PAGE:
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Book Review - Adaptive Dynamics
Adaptive Dynamics
by J. E. R. Staddon
MIT Press, 2001
Review by Helge Malmgren, M.D., Ph.D.
Nov 21st 2002

This is an important book which should be of interest to many researchers and advanced students in learning theory, cognitive science and cognitive philosophy. The author’s main goal is to show the value of learning models which are neither physiological nor cognitive but rather of a ”black box” character. Such models are framed in terms of ”states” in a finite or infinite state-space, and describe the development over time of these states and the interactions between them while leaving open the the question of their intrinsic nature. (They may for example be  activation states of neural network, but can also be states of biochemical reaction systems on the cell or sub-cell level.) This reviewer does not agree with the author in the characterisation of such models as ”behavioristic”. ”Abstract explanatory theories of behavior” would be more approriate. This is even more true since, as Staddon himself acknowledges in the first chapter of the book, the leading behaviorist Skinner shunned explanatory theories. I mention this point because it exemplifies the fact (as I see it) that the details of the philosophical and metascientific arguments in Staddon’s book are sometimes less convincing than the author’s own substantial contributions to the modelling of adaptive behavior.

However, I completely agree with the author’s main thesis about the necessity of this kind of abstract theorising, and I find Staddon’s own attempts in the field interesting, provoking and not seldom revealing. He tries to show, not only by detailed theoretical arguments but also by means of fitting model parameters to a wealth of experimental results, that several seemingly complex and (on the face of it) ”cognitive” behaviors could indeed be explained by postulating very simple mechanisms. Of these mechanisms, the leaky integrator (well known from electrical curcuit theory, and introduced by Staddon in Chapter 4) and cascades of such integrators play a prominent role. Postulating chains of integrators with proper parameters, Staddon succeds in modelling not only habituation and similar simple adaptive patterns (Chapter 6) but also for example (Chapters 7-9) the effect on eating behavior of different feeding schedules.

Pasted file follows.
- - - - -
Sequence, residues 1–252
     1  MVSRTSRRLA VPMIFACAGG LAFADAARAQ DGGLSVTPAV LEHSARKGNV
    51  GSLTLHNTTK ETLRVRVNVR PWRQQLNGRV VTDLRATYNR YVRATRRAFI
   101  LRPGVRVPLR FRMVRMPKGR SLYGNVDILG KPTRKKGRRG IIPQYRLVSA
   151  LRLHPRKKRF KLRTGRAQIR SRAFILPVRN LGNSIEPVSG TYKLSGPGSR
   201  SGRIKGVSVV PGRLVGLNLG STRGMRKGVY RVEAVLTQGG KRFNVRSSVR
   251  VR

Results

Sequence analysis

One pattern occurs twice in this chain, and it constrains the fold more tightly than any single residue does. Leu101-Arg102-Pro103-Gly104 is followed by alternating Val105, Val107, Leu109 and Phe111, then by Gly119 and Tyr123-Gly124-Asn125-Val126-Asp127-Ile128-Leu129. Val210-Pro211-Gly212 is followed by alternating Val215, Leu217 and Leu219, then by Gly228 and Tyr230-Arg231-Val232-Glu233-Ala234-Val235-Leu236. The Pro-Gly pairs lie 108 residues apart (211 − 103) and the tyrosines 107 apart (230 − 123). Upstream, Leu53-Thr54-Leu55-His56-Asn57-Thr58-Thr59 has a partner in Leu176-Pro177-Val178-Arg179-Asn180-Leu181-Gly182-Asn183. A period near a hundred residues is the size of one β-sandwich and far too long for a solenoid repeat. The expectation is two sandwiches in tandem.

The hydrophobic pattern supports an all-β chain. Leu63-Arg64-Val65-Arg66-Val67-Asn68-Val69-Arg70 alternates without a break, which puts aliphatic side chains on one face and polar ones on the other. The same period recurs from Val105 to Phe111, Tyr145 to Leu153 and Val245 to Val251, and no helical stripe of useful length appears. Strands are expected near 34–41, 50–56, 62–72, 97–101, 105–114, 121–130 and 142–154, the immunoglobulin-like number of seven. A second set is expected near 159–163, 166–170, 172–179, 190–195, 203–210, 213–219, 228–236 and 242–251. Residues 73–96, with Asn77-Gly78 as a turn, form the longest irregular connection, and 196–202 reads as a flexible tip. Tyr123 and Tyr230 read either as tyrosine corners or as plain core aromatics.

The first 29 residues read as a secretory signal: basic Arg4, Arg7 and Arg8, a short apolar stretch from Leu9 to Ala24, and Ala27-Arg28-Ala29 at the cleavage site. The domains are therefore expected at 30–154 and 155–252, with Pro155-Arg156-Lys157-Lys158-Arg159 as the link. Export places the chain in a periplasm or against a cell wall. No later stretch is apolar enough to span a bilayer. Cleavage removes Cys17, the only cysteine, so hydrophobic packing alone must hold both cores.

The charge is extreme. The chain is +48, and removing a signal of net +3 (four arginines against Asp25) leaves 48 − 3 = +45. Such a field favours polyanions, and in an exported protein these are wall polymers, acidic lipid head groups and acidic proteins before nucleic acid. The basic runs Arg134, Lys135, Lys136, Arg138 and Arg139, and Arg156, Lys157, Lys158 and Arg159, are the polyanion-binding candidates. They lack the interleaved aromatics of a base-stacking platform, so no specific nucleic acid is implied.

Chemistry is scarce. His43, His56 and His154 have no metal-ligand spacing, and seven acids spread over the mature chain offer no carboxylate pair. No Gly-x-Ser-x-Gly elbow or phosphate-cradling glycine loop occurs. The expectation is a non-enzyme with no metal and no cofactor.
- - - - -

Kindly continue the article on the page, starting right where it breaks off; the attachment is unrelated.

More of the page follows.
Chapters 10-11 deal with problems in the theory of associative (classical and instrumental) learning. Except for a thorough discussion of stimulus generalisation, the bulk of these chapters (to the slight disappointment of the present reviewer) is mainly devoted to presentations of problems rather than of possible solutions.  Chapters 12 discusses possible mechanisms for spatial search and argues for a simple ”diffusion” model which regards route finding as a kind of stimulus generalisation. The remaining substantial sections of the book deal with knowledge of time and time intervals. Here, Staddon argues at lentgh against a certain kind of theories which he designates as ”pacemaker-accumulator theories”, or more intuitively, theories which postulate an internal clock. Instead he favours an explanation in terms of multiple integrators with different time scales (an MTS, or multiple time scale, model), and goes into great detail to show that the main body of experimental evidence supports the MTS model. I am not in a position to judge whether this is so, but the author’s arguments are consistently logical and well presented.

I have not yet referred to Chapters 2-3 of the book. These chapters differ somewhat from the rest of the book. Staddon here presents a number of  "optimality" theories of behavior, discusses the evidence for and aginst them, and concludes (not very surprisingly) that such models capture at most a part of animal and human behavior. In the reviewers opinion, the present book would have been even better if the author had chosen to publish this stuff elsewhere. The two chapters are only indirectly relevant to the main theme of the book and they make it less accessible to readers who do not share Staddon’s interest in behavioral economics. In other places, Staddon could have improved the book by leaving out some of the elementary stuff. But these objections does not change my general judgement that Adaptive Dynamics is a very valuable and readable - although difficult - work.

 

© 2002 Helge Malmgren

 

Helge Malmgren, Professor, MD, PhD, Dept. of Philosophy, Göteborg University, Sweden.

 

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